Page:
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Public Health alum returns to inspire students

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If you took away just one piece of advice from 2011 College of Public Health and Human Sciences alumna Natalie Johnston during her visit with students in October – it would be to step out of your comfort zone and try something new.

That’s exactly what Natalie has done – and she’s proving to students how it was one of the best career decisions she’s ever made.

Natalie works for the Centers of Disease Control and Prevention (CDC) in the Public Health Associate Program as a Health Program Specialist. As part of the program, she works as an associate in an HIV clinic in San Antonio, Texas, notifying patients of their positive STD results. It’s a job she never thought she would be interested in – but one she says is unique, challenging and rewarding.

“I get to be like a detective and I love that because I’m snoopy,” she says. “And the work I do is not thankless – people thank me all of the time because I help them by letting them know they’re infected. It really does feel great knowing I’m helping someone.”

Once the clinic receives a positive test for HIV, chlamydia, gonorrhea or syphilis, Natalie’s job is to first find the patient, make initial contact, then help them with treatment options and notifying their sexual partners.

“I think you’d be surprised with how much bad or misinformation is out there in relation to STDs,” she says. “Our work is important because we not only educate patients on their current situation and prevent them from spreading the STD to others without knowing, but also help teach them how to avoid these types of diseases in the future.”

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After graduating from the CPHHS in 2011, Natalie now works for the Centers of Disease Control and Prevention (CDC) in the Public Health Associate Program as a Health Program Specialist.

Natalie did not study health promotion and health behavior with the intention of working in the field of sexual health education, but she knew she wanted to help people through prevention and couldn’t pass up this unique opportunity to work for such a highly respected organization.

“Working in healthcare opened my eyes to the time, effort and money put into healing illness and injury that might have been prevented through public health practices, and that’s how I realized I wanted to work in public health,” she says.

She earned this opportunity through working hard during her undergraduate years. As a student, Natalie made some bold choices and started trying new things such as internships and volunteer activities, including Girls on the Run and teaching English to recent immigrants.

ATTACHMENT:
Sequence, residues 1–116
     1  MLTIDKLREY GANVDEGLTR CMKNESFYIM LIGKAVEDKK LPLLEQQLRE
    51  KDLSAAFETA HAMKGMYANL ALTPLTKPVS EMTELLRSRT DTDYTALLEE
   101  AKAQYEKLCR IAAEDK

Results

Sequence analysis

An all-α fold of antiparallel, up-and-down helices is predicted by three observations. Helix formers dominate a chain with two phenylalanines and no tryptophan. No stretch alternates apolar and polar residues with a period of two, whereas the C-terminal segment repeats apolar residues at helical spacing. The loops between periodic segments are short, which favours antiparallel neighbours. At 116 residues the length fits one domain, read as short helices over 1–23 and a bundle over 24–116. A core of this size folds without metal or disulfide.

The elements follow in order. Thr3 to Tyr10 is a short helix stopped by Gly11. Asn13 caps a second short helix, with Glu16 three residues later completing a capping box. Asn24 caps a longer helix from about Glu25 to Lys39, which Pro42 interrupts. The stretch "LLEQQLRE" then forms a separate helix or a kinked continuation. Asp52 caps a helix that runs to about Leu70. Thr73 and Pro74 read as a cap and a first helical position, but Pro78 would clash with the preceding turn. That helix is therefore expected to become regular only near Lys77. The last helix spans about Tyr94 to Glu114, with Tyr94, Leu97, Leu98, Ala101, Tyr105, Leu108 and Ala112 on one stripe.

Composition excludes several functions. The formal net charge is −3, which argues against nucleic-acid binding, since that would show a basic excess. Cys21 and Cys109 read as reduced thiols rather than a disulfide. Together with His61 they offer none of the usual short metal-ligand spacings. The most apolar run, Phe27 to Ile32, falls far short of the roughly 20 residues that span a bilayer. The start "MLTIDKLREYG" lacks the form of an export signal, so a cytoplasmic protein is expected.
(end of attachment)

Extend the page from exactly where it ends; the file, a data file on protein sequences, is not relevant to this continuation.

“It really helps to get your hands dirty in all sorts of jobs because you never know what you might end up doing,” Natalie told students during her visit. “Sometimes if you step outside of the big city you can see more opportunities and gain a fantastic experience you might not have otherwise.”

As an enthusiastic advocate of the CDC’s two-year Public Health Associate Program, Natalie informed students on what they can do while still in school to prepare for an associate position such as hers.

“You definitely need to volunteer, have experiences outside of your culture, have an interest in public health and get involved in your community,” she says.

Students from across the CPHHS stopped by to meet Natalie and speak with her one-on-one as part of the college’s efforts to engage and connect recent alumni with current students.

“It really helps to get your hands dirty in all sorts of jobs because you never know what you might end up doing.”

“Connecting our students with recent alums is motivating and helps them to realize that they too can achieve their career goals,” says CPHHS Coordinator of Recent Alumni and Career Readiness Initiatives Kim McAlexander. “The college is working toward building bridges between current students and our successful graduates.”

Students say they learned a lot from Natalie and hope to follow in her footsteps by taking a chance on something new.

“Natalie was very easy to talk to and I got a lot of good information about what I can do in school now and how to apply to the CDC Public Health Associate Program,” says Exercise and Sport Science freshman Haylee Winden. “Seeing her successful path was reassuring that I can do the same thing or something similar.”

“I thought it was great; she was very personable,” says Health Promotion Health Behavior senior Katie Clark. “It was nice to hear from someone from OSU who is now an associate at the CDC. I’ve been looking into something similar and I learned a lot from Natalie and now know what classes I need to take that I normally would have overlooked.”

Natalie, who eventually wants to obtain a master’s degree and continue working in the sexual health education field, says her experiences at Oregon State and the CDC have made her more empathetic and prepared for her future.

“I love my experience at Oregon State, so I’m just glad to be back here hopefully inspiring students to try something new and unique like I did,” she says.